Steel fiber reinforced concrete is a composite material having fibers as the additional ingredients, dispersed uniformly at random in small percentages, i.e. between 0.3% and 2.5% by volume in plain concrete. SFRC products are manufactured by adding steel fibers to the ingredients of concrete in the mixer and by transferring the green concrete into moulds. The product is then compacted and cured by the conventional methods. Segregation or balling is one of the problems encountered during mixing and compacting SFRC. This should be avoided for uniform distribution of fibers. The energy required for mixing, conveying, placing and finishing of SFRC is slightly higher. Use of pan mixer and fiber dispenser to assist in better mixing and to reduce the formation of fiber balls is essential. Additional fines and limiting maximum size of aggregates to 20mm occasionally, cement contents of 350 kg to 550 kg per cubic meter are normally needed.Steel fibers are added to concrete to improve the structural properties, particularly tensile and flexural strength. The extent of improvement in the mechanical properties achieved with SFRC over those of plain concrete depends on several factors, such as shape, size, volume, percentage and distribution of fibers. Plain, straight and round fibers were found to develop very weak bond and hence low flexural strength. For a given shape of fibers, flexural strength of SFRC was found to increase with aspect ratio (ratio of length to equivalent diameter). Even though higher ratios of fibers gave increased flexural strength, workability of green SFRC was found to be adversely affected with increasing aspect ratios. Hence aspect ratio is generally limited to an optimum value to achieve good workability and strength. Grey suggested that aspect ratio of less than 60 are best from the point of handling and mixing of fibers, but an aspect ratio of about 100 is desirable from strength point of view. Schwarz however suggested aspect ratio between 50 and 70 is more practicable value for ready mix concrete. In most of the field applications tried out to date, the size of the fibers varies between 0.25 mm and 1.00mm in diameter and from 12mm to 60mm in length, and the fiber content ranged from 0.3 to 2.5 percent by volume. Higher contests of fiber up to 10% have also been experimented. Addition of steel fibers up to 5% by volume increased the flexural strength to about 2.5 times that of plain concrete. As explained above, mixing steel fibers considerably improves the structural properties of concrete, particularly tensile and flexural strength. Ductility and post cracking strength, resistance to fatigue, spalling and wear and tear of SFRC are higher than in the case of conventional reinforced concrete. SFRC is therefore found to be a versatile material for the manufacture of wide varieties of precast products such as manhole covers, slab elements for bridge decks, highways, runways, and tunnel linings, machine foundation blocks, door and window frames, piles, coal storage bunkers, grain storage bins, stair cases and break waters. Technology for this manufacture of SFRC light, medium and heavy duty manholes covers has been developed in India by Structural Engineering Research Centre, Chennai. Field experiments with two percent of fiber content indicated that SFRC runway slabs could be about one half the thickness of plain concrete slabs for the same wheel load coverage. Cement Research Institute of India (CRI) also demonstrated the use of SFRC in one of the jet bays at Delhi airport.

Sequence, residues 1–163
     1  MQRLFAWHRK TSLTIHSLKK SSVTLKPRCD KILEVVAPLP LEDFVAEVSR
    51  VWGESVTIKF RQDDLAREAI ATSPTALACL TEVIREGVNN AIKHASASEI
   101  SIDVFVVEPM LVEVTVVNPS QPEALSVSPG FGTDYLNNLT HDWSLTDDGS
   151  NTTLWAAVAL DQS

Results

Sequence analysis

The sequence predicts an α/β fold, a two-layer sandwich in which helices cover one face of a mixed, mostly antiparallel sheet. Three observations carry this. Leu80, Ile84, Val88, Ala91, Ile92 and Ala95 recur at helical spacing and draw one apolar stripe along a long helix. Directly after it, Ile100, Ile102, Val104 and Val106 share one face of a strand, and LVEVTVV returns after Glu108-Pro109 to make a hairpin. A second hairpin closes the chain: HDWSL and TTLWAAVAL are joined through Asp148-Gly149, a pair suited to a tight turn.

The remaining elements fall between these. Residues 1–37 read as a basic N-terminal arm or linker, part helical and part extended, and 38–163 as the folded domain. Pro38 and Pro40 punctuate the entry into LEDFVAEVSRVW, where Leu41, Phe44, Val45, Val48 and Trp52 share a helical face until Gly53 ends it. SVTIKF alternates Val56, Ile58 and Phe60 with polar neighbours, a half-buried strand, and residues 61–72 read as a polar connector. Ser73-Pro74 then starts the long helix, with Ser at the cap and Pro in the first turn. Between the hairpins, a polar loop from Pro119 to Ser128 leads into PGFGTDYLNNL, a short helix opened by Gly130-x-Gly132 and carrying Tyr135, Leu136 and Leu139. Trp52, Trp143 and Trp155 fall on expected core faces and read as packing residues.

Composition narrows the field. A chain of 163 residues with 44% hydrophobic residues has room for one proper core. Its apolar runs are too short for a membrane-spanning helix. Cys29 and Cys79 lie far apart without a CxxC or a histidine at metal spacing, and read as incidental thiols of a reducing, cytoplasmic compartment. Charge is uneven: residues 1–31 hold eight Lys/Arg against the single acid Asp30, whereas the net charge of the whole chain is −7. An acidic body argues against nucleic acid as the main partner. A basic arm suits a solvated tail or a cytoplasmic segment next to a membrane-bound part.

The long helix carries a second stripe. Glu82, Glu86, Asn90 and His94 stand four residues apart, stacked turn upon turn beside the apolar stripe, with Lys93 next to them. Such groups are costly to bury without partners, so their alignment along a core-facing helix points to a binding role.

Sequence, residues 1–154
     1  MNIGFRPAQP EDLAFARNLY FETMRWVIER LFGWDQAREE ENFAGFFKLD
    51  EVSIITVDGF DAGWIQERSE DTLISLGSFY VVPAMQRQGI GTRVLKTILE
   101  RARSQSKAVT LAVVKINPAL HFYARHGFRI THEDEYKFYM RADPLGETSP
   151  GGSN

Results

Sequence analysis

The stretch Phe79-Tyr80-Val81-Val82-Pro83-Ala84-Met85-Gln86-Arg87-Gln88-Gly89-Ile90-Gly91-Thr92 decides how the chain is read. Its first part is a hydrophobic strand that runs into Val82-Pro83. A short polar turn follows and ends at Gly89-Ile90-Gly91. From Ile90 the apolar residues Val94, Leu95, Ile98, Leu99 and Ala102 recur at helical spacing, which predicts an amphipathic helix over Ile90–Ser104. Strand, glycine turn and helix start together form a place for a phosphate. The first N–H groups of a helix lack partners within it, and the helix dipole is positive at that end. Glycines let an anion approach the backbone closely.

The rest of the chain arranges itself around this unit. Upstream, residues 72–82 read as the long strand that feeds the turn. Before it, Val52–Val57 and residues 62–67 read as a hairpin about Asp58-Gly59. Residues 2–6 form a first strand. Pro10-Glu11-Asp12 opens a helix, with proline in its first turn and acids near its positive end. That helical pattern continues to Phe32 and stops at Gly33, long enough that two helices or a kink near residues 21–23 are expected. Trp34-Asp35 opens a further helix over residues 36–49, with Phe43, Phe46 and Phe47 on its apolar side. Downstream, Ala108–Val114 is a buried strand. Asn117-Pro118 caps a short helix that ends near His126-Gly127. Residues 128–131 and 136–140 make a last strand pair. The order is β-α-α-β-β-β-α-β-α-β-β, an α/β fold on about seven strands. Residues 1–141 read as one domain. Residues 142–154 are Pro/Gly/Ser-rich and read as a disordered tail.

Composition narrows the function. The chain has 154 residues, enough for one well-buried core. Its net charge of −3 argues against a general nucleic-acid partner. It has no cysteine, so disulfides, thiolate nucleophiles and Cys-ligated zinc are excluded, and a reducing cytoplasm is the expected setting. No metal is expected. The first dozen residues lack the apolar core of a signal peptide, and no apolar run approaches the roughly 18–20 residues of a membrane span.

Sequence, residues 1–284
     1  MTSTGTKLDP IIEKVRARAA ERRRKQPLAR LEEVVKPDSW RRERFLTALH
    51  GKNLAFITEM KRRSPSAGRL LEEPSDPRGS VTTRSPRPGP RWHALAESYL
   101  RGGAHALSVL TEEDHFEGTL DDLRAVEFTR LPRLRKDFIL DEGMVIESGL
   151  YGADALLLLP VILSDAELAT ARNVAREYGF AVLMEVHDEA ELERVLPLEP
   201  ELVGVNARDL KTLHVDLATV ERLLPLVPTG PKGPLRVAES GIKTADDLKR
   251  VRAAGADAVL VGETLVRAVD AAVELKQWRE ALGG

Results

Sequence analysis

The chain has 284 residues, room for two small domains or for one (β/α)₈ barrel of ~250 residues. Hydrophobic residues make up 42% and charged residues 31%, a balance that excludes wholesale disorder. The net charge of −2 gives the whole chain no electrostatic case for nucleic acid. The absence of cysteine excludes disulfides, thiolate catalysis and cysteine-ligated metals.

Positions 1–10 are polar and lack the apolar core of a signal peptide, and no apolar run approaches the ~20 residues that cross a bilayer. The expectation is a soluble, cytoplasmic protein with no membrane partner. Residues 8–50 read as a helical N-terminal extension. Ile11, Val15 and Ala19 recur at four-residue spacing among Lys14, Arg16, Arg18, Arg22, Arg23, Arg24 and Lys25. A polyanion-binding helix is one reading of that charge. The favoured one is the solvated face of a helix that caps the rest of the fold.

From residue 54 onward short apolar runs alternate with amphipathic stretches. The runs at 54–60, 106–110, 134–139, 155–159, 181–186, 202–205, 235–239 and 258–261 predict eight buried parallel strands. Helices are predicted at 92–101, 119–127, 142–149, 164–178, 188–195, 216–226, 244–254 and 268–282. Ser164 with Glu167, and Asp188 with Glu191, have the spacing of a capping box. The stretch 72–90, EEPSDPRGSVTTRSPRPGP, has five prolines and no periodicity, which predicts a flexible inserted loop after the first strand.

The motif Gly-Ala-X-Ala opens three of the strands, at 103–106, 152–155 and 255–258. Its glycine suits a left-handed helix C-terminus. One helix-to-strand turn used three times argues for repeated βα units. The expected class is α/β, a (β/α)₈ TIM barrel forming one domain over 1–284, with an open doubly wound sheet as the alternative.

Ultra-High Performance Concrete
Advances in the science of concrete materials have led to the development of a new class of cementitious composites called ultra-high performance concrete (UHPC). The links above will direct you to pages detailing UHPC projects, bridges with UHPC components, articles that focus on UHPC research, and the main contact at Turner-Fairbank Highway Research Center (TFHRC) for UHPC.
The mechanical and durability properties of UHPC make it an ideal candidate for use in developing new solutions to pressing concerns about highway infrastructure deterioration, repair, and replacement. Since 2000, when UHPC became commercially available in the United States, a series of research projects has demonstrated the capabilities of the material. A handful of State departments of transportation have deployed UHPC components within their infrastructure, and many more are actively considering the use of UHPC.